There was no direct sequel made to The Wolf Man as such. However, the wolf man appeared in all of Universal’s monster bashes beginning with Frankenstein Meets the Wolf Man (1943) and continuing through House of Frankenstein (1944), House of Dracula (1945) and Abbott and Costello Meet Frankenstein (1948). Lon Chaney Jr played the role of Larry Talbot in all of these. There has been no actual remake up until The Wolfman (2010) starring Benicio Del Toro. The Wolfman (1979) starring Earl Owensby is a werewolf film but is unrelated. The plot of The Wolf Man was uncreditedly uplifted and transplanted into a satiric attack on the Nixon White House in the amusing parody The Werewolf of Washington (1973), while the “even a man who is pure in heart …” speech is parodied in Pandemonium/Thursday the 12th (1982) and the I Was a Teenage Werebear segment of Chillerama (2011). There have been various other appearances of the Wolf Man in monster bashes such as Mad Monster Party? (1967), Transylvania 6-5000 (1985), The Monster Squad (1987) and, in particular, Van Helsing (2004), which quotes “even a man who is pure in heart …”, although the only one of these that identifies the wolf man in question as Larry Talbot was the tv series Penny Dreadful (2014) where he was rewritten as a gunslinger (Josh Hartnett) hiding on the run in Victorian England. Lon Chaney Jr later played an unnamed wolfman in the Mexican comedy The House of Terror (1960) that was later issued in re-edited form as Face of the Screaming Werewolf (1964).
Screenwriter Curt Siodmak was a German native who had worked as a novelist and began writing scripts in Germany with the science-fiction film F.P.1 Does Not Answer (1932). Siodmak and his brother Robert fled to the US with the rise of the Nazis. Robert Siodmak later became a director known for film noir thrillers such as Phantom Lady (1944) and The Spiral Staircase (1946), as well as the Lon Chaney Jr starring Son of Dracula (1943), the camp classic Cobra Woman (1944) and the gonzo swashbuckler The Crimson Pirate (1952). After the success of The Wolf Man, Curt Siodmak made a career writing B movies. Curt Siodmak’s genre scripts include Trans-Atlantic Tunnel (1935), The Ape (1940), Black Friday (1940), The Invisible Man Returns (1940), The Invisible Woman (1940), Invisible Agent (1942), Frankenstein Meets the Wolf Man (1943), I Walked with a Zombie (1943), Son of Dracula (1943), The Climax (1944), House of Frankenstein (1944), The Beast with Five Fingers (1946), Tarzan’s Magic Fountain (1949), Riders to the Stars (1954), Creature with the Atom Brain (1955) and Earth Vs the Flying Saucers (1956). He also directed/wrote several films with Bride of the Gorilla (1951), The Magnetic Monster (1953), Curucu, Beast of the Amazon (1956) and Love Slaves of the Amazon (1957). Siodmak also wrote the classic novel Donovan’s Brain (1942) about a millionaire’s disembodied brain that ends up mentally controlling the scientist that removed it, which has been thrice filmed as The Lady and the Monster (1944), Donovan’s Brain (1953) and Vengeance/The Brain (1962). Siodmak’s lesser known follow-up Hauser’s Memory (1968) about transplanted memories was also filmed as the tv movie Hauser’s Memory (1970).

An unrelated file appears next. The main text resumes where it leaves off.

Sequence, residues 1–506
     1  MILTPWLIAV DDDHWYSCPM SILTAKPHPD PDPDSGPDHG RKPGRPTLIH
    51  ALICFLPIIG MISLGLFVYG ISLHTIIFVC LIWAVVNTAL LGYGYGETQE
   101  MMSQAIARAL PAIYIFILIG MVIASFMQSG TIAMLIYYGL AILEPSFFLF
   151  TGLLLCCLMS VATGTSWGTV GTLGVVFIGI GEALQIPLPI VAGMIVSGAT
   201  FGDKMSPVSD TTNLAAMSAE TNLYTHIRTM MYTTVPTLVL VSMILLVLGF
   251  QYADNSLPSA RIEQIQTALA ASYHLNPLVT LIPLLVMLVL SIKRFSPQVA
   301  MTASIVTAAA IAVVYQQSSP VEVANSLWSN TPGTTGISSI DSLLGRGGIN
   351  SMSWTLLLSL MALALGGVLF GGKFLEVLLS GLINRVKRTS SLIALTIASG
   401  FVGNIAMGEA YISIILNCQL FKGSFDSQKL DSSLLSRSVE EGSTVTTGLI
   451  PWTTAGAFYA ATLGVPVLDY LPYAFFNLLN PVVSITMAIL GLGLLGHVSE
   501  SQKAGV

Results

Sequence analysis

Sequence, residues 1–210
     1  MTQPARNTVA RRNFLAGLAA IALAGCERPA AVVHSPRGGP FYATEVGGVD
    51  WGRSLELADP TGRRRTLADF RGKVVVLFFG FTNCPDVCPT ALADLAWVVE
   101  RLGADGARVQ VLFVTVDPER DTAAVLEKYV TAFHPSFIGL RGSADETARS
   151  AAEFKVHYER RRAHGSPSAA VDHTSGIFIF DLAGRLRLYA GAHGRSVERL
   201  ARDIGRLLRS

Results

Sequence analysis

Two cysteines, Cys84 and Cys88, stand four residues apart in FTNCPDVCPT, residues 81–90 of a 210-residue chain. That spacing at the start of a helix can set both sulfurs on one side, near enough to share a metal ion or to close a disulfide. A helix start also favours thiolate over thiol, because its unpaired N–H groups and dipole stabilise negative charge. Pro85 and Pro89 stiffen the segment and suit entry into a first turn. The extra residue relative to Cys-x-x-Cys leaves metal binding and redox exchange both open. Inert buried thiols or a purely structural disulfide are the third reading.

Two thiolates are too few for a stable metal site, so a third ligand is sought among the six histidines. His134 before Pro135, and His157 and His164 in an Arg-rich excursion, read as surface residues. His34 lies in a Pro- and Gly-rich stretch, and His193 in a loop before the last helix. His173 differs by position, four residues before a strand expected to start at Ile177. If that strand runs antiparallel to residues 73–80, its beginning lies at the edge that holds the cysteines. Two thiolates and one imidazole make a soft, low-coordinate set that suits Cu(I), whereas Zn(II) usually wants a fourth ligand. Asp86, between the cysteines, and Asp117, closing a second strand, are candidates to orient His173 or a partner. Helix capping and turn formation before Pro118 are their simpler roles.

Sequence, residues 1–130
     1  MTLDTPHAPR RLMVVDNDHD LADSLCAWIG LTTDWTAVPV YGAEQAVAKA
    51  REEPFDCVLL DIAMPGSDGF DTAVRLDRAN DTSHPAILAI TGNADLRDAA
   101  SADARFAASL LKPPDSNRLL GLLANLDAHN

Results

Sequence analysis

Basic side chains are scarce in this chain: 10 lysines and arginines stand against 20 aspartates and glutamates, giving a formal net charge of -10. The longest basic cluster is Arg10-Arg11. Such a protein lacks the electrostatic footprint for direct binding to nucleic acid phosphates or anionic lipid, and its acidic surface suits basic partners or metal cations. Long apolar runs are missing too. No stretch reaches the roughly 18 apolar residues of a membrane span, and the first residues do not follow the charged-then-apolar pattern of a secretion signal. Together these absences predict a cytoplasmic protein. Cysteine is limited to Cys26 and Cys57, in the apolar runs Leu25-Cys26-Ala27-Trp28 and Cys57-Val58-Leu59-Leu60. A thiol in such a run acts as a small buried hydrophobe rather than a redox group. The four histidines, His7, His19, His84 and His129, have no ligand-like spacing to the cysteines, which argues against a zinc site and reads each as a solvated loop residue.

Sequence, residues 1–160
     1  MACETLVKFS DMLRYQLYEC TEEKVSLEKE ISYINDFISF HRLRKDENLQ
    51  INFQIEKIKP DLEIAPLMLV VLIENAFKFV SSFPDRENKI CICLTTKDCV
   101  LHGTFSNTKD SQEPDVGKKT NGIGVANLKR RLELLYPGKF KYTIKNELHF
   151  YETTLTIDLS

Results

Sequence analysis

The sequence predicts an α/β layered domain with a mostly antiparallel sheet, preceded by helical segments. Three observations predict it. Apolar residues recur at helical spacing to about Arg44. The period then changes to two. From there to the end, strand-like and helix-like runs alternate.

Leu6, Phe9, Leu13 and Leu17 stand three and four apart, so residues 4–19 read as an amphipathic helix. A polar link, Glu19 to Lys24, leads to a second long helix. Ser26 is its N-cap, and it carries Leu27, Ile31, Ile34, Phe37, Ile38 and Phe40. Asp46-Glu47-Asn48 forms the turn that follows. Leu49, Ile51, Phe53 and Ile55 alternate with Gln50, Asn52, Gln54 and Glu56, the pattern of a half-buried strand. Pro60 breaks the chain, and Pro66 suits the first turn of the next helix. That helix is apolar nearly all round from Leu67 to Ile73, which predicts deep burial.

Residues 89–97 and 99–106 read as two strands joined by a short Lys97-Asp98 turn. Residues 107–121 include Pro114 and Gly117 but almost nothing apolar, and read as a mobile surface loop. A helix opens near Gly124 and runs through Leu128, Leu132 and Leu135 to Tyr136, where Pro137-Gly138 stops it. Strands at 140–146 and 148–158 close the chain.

George Waggner is mostly known for directing various B-budget Westerns. Just prior to The Wolf Man, he had worked with Lon Chaney Jr on Man Made Monster (1941) where Chaney plays a man who is turned into electrified monster by a mad scientist. Within the genre, Waggner also made Mystery Plane (1939), Horror Island (1941) and The Climax (1944), as well as produced the Claude Rains version of Phantom of the Opera (1943). In the latter two decades of his career, Waggner abandoned film work and moved into television.